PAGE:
Budget and Spending:
Cost-of-Living Increases for Federal Civilian and Military Retirees
B-130150, Jul 1, 1980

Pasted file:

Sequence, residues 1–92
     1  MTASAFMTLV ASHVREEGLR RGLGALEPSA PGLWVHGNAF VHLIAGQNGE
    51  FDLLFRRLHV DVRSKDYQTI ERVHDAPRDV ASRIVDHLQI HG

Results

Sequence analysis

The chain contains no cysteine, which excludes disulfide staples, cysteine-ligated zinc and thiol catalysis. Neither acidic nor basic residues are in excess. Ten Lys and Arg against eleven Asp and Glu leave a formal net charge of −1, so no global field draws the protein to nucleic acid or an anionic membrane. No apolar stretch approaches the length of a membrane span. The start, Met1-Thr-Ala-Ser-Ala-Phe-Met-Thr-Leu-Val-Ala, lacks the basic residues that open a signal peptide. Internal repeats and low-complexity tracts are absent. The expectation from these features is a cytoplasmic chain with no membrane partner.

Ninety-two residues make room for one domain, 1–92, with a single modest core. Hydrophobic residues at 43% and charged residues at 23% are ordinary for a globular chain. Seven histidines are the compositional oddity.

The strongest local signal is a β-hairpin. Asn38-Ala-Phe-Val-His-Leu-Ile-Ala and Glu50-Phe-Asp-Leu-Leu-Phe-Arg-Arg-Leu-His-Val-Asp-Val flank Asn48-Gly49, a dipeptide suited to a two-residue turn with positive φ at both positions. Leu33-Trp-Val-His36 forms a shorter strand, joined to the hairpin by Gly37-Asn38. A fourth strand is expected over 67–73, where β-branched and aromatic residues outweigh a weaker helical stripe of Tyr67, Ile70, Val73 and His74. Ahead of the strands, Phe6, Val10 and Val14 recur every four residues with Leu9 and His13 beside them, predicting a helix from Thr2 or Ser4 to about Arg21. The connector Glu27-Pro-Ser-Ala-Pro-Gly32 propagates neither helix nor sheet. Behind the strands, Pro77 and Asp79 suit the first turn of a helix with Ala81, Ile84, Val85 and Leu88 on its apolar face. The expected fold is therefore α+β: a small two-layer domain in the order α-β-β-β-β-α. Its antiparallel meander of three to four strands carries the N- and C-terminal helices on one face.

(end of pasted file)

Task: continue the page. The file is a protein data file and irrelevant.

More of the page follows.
GAO has long been concerned about the equity and costs of the Government's policy of full, automatic cost-of-living increases for Federal civilian and military retirees. GAO was pleased to see that the First Concurrent Budget Resolution for fiscal year 1981 assumed enactment of its recommendations to Congress to provide retirement cost-of-living adjustments annually and prorate the initial adjustments of new civil service retirees to reflect only Consumer Price Index increases occurring after their date of retirement. GAO strongly urged Congress to enact the legislation necessary to effect these needed changes. It would make the adjustment process more rational and more consistent with prevailing non-Federal practices; less costly; and would help encourage valuable, experienced employees, particularly top Federal officials, to continue working instead of retiring. To fully satisfy these objectives, GAO believed an additional change should be made to limit the amount of the adjustment provided to something less than the full percentage increases in the Consumer Price Index. Because the present indexing base is highly inequitable to others not similarly treated and costly, it should not be continued. The cost-of-living adjustment provisions for Federal retirees are far superior to those enjoyed by retirees of private industry and State and local governments. Such a change may seem unduly harsh, but less than full indexation for retirement income is the prevailing non-Federal practice. GAO believed it is unreasonable to force taxpayers whose incomes are not fully protected from inflation to pay for full, automatic indexation of Federal retirees' benefits. This places a financial burden on current as well as future taxpayers.